Tuesday, September 1, 2009

19 Days til Departure

Dear family, friends, and anyone else who happens to stumble upon this,

Instead of sending mass emails once in a while, I have decided to keep everyone up-to-date with this handy dandy blog. For those of you who don't know, I graduated from Shaker Heights High School (class of 2009) and have decided to take a "gap year" in Israel before enrolling at Georgetown University School of Foreign Service (class of 2014).

As nontraditional as it is to take a year off before college, my reasons are surprisingly logical and practical. I have always struggled to find a specific subject out of which I can pursue as a major/job/career. In reality, there are too many fields that intrigue me, and I have a hard time choosing which I like best. Throughout high school, I have tried to delve deeper into my interests--to investigate their potentials. For example, my curiosity in math and science led me to a robotics engineering internship at Case Western Reserve University, and my fascination with politics and government led me to an internship at United States Senator Sherrod Brown's office. Despite all of the opportunities for exploration in high school, it is impossible to fully explore one of my remaining passions: the Arab-Israeli conflict.

I have had an intense passion for Arab-Israeli peace for a few years now, specifically since I attended Seeds of Peace International Camp in Maine in the summers of 2006 and 2008. Growing up in a Jewish family and attending a Jewish day school through 6th grade has always made me feel a special connection to Israel; however I was largely ignorant of the major issues looming over the Holy Land until recently. When I went to Seeds of Peace, I met people from Israel, Palestine, Egypt, and Jordan. Everyone had an opinion and would defend it so vehemently that I realized how pervading this conflict is. To affect so many people and inspire such feelings of hostility and hatred--I simply could not comprehend it all. However, by the end of camp, the hostility and hatred disappeared, and I felt hopeful. It is that hope and desire to better understand everyone's perspective that has compelled me to journey to Israel.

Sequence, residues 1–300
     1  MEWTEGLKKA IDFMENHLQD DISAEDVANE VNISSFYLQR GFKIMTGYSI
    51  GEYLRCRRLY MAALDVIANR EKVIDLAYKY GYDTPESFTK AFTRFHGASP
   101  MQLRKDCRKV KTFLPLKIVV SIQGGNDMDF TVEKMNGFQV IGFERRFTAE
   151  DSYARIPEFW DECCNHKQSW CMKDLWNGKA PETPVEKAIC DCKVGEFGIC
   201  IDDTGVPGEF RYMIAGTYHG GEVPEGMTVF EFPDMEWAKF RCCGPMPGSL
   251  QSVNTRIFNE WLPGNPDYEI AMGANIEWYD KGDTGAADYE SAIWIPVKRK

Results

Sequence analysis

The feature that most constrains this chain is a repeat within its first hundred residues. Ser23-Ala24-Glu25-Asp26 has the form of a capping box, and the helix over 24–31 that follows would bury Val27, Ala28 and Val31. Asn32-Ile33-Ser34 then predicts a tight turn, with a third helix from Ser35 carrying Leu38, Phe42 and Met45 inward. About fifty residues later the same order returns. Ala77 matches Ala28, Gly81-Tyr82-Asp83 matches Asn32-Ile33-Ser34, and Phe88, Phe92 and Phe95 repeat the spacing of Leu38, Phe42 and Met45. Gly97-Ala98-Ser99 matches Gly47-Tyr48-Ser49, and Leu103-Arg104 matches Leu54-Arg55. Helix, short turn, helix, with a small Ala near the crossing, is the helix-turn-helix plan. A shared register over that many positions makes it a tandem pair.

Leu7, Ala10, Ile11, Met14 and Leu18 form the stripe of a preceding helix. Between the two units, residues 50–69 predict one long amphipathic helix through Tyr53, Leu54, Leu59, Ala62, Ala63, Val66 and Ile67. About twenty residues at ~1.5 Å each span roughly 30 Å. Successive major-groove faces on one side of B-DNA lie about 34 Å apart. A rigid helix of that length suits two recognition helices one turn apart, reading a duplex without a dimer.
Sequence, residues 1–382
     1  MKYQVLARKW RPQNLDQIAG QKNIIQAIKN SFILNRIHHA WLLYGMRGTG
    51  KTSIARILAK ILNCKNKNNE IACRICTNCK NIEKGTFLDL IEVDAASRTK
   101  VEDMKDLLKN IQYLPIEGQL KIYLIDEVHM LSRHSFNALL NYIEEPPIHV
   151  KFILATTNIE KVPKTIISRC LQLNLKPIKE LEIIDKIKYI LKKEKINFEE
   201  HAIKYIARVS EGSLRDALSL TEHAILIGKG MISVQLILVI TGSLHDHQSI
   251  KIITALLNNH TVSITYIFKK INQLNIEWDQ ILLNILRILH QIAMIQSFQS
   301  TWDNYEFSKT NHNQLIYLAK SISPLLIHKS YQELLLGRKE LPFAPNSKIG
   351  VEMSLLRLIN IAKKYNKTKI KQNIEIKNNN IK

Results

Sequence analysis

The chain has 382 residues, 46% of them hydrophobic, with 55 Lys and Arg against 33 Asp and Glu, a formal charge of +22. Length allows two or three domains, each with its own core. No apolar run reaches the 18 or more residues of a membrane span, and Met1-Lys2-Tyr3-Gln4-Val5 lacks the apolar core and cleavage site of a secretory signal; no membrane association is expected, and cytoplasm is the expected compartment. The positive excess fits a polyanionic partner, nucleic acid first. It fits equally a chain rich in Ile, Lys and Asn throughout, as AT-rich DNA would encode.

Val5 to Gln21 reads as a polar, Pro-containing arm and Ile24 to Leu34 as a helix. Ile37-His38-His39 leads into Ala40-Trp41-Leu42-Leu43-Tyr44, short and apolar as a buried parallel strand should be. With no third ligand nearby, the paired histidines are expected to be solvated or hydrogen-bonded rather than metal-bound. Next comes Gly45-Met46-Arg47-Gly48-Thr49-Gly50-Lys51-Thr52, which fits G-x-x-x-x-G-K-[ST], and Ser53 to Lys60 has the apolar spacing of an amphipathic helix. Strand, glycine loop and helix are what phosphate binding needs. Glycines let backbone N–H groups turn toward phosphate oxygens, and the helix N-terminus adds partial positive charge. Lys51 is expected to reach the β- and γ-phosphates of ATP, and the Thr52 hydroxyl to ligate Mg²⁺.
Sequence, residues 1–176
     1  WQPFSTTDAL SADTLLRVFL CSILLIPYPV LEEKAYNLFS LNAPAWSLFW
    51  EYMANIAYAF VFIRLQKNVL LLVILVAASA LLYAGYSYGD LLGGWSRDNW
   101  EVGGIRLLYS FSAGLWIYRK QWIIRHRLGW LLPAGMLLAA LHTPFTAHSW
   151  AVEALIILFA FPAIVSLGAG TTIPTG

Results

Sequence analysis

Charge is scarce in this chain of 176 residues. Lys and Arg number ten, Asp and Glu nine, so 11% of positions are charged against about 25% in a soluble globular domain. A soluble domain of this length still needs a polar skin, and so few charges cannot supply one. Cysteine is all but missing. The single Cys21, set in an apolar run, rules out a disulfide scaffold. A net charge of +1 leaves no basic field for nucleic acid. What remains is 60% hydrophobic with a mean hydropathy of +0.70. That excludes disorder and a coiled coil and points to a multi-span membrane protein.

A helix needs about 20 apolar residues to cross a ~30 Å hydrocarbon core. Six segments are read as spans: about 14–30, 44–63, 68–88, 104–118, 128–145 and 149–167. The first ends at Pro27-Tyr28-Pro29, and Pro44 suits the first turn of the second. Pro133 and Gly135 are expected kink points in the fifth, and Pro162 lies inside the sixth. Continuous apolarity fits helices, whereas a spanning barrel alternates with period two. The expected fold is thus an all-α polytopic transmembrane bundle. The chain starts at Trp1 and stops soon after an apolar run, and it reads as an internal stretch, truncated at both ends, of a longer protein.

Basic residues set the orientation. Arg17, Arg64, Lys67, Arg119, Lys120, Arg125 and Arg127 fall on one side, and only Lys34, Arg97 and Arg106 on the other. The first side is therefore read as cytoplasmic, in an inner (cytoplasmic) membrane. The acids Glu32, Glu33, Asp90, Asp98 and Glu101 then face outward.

As far as details for my trip, I am attending the Arava Institute for Environmental Studies (AIES; www.arava.org) for the Fall semester, which begins October 14 and ends February 1. AIES is one of the leading environmental research institutions in the Middle East. The philosophy behind AIES is that the environment knows no borders. While politicians squabble, the Jordan River runs between Jordan and Israel. While extremists on both sides call for bloodshed, air pollution flows between Syria and Lebanon. The environment effects everyone in the Middle East, whether it poses problems, or presents valuable resources. The environment is a point of contention but also an opportunity for regional cooperation. AIES is a bastion for cooperation, bringing Israelis, Palestinians, Jordanians, and Americans together to research and learn.

Prior to AIES, I am participating in a three-week Hebrew Ulpan, which begins September 24. An Ulpan basically entails the study of Hebrew language and Israeli culture. I studied Hebrew for a long time, but in the past couple years, I was too busy to continue. When I visited Israel earlier this summer (my first time) I found that I could understand Hebrew well, but speaking was difficult. I'll be able to recover and build on my Hebrew skills during the Ulpan.

After the Fall semester at AIES, I currently have no plan, but I'm sure I'll find something interesting to do for the remaining months! More info and details to come!


  1. hi gabe. i thought we couldn't post on this....i am going to call now as you are in transit...

  2. I'm on now. i did facebook before you did. but u beat me with a blog don't see joyce on either one
    LOVE, gram LaShanah Tova with lots of Honey!!1